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Title: Replication stress links structural and numerical chromosomal instability in colorectal cancer
Author: Burrell, R. A.
Awarding Body: University College London (University of London)
Current Institution: University College London (University of London)
Date of Award: 2013
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Chromosomal instability (CIN), describing an increased rate of numerical and structural chromosome aberrations, is a principal driver of inter-cellular genetic heterogeneity in tumours. CIN is widely observed in solid malignancies, and is associated with poor patient outcome and drug resistance. Despite the prevalence and clinical impact of CIN in cancer, the underlying mechanisms still remain poorly characterised. Systematic characterisation of CIN+ colorectal cancer cells revealed that structurally abnormal chromosomes, generated through pre-mitotic defects, cause the majority of anaphase segregation errors. This contradicts a widely held hypothesis that CIN is caused by mitotic dysfunction. An investigation of the origins of these structural chromosome aberrations found that CIN+ cells display elevated DNA replication stress. Further experiments to investigate the link between replication stress and CIN demonstrated that induction of replication stress in diploid cells initiated both numerical and structural chromosomal instability. Through an integrative genomics approach, three novel putative CIN-suppressor genes (PIGN, RKHD2 and ZNF516) were identified, encoded on chromosome 18q, a genomic region subject to copy number loss in 80 per cent of CIN+ colorectal cancers. Silencing each of these three genes resulted in anaphase segregation errors and structural chromosome abnormalities. Cells depleted of the CIN-suppressors displayed evidence of DNA replication stress, phenocopying observations in CIN+ cells. Supplementing cells with exogenous nucleosides, which may alleviate replication stress, reduced both segregation errors induced by CIN-suppressor gene silencing, and endogenous segregation errors in cells with 18q loss. In summary, CIN in colorectal cancer appears to be driven through pre-mitotic generation of structurally abnormal chromosomes that are subsequently missegregated at anaphase, rather than through mitotic defects. These structurally abnormal chromosomes may result from elevated levels of DNA replication stress in CIN+ cells, which may be linked to the loss of three syntenic CIN-suppressor genes encoded on chromosome 18q.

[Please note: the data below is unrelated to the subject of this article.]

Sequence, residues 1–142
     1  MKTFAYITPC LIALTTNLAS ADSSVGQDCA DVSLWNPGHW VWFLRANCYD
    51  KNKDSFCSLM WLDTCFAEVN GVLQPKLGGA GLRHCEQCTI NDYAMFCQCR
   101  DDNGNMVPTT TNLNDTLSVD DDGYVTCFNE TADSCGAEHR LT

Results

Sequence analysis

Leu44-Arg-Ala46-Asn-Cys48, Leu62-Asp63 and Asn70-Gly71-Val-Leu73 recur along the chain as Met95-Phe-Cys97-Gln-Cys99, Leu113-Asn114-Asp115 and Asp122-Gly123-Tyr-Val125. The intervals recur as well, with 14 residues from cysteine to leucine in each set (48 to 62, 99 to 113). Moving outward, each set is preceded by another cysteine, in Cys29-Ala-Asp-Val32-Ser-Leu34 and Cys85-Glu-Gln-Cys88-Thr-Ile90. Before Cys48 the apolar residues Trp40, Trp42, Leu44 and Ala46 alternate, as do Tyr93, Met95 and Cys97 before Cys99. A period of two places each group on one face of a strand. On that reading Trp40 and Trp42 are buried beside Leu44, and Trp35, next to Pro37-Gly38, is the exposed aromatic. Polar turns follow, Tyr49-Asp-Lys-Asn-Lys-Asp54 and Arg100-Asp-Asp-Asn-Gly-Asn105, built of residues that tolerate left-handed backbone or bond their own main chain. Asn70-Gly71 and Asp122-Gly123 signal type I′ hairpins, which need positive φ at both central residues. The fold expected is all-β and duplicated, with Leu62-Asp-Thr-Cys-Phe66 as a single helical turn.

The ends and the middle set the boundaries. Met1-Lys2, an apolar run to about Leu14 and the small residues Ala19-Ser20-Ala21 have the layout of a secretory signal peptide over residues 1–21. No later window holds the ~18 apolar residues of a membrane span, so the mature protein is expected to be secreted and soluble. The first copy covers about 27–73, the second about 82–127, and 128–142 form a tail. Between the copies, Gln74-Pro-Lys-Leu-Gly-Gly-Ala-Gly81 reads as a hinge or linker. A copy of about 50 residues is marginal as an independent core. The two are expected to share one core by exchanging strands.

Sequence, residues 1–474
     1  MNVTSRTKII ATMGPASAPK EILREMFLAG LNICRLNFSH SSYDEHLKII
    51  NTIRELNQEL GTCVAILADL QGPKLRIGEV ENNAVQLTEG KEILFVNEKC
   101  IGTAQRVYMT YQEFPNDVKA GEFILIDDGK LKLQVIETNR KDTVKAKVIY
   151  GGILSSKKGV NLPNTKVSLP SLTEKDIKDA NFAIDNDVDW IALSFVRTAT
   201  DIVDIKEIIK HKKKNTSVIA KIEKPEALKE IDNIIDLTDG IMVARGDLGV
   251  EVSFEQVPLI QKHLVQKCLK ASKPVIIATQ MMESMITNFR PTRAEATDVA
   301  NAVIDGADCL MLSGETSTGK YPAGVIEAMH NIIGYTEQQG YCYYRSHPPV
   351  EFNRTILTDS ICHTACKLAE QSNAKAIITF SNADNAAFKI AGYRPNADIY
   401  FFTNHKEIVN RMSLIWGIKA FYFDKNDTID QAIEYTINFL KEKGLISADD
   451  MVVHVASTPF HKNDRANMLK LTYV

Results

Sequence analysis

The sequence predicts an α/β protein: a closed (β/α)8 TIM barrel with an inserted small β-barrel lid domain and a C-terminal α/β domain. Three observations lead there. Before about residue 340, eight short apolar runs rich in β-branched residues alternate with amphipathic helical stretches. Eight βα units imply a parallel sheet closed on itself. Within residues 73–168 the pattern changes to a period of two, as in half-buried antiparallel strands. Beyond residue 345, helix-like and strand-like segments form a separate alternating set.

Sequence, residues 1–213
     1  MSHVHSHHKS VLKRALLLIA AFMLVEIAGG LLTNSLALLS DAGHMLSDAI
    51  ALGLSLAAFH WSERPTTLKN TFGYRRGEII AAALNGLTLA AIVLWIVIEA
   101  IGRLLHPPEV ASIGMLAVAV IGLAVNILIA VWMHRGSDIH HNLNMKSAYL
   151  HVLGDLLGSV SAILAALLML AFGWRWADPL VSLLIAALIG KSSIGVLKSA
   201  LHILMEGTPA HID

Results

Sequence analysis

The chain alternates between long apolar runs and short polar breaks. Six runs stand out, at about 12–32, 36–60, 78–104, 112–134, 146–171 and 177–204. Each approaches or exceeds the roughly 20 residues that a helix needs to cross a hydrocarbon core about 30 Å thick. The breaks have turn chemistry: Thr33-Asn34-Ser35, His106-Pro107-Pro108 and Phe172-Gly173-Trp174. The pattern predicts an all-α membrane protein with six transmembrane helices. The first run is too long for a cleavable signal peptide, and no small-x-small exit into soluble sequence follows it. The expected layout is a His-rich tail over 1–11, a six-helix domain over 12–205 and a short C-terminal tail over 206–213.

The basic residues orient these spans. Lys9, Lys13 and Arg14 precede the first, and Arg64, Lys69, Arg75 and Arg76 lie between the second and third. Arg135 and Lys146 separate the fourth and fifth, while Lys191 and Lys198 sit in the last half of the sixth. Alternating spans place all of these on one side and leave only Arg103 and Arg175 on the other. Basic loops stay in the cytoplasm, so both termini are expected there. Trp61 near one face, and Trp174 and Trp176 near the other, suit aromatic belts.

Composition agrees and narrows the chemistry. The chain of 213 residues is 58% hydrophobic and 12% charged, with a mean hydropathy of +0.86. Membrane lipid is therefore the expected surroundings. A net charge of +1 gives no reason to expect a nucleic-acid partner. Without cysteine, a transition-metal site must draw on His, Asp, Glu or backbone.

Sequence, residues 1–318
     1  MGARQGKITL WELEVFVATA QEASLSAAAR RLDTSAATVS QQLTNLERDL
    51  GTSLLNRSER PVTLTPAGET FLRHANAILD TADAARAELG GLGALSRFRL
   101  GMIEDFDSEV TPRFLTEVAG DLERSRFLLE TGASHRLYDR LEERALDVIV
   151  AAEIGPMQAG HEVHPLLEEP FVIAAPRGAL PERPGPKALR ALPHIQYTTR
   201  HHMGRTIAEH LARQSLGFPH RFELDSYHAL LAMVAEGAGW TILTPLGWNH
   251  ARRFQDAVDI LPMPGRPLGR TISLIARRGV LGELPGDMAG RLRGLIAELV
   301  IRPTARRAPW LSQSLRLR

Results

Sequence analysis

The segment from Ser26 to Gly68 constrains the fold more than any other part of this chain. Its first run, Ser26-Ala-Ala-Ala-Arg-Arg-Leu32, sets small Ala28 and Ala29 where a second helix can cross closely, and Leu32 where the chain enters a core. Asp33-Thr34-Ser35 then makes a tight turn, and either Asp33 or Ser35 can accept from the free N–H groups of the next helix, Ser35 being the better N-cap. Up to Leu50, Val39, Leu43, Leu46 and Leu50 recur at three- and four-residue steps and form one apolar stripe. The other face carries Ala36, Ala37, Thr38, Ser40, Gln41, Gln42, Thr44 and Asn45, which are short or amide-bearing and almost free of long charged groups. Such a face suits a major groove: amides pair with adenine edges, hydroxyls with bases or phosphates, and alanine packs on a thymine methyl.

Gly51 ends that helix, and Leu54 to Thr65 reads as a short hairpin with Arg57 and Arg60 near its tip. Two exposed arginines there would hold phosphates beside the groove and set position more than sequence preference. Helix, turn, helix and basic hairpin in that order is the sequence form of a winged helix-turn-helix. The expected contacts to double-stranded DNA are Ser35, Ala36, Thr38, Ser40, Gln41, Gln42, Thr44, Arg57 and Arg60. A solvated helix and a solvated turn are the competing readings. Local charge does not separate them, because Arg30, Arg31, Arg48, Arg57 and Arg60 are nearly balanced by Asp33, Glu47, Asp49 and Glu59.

Supervisor: Not available Sponsor: Not available
Qualification Name: Thesis (Ph.D.) Qualification Level: Doctoral
EThOS ID:  DOI: Not available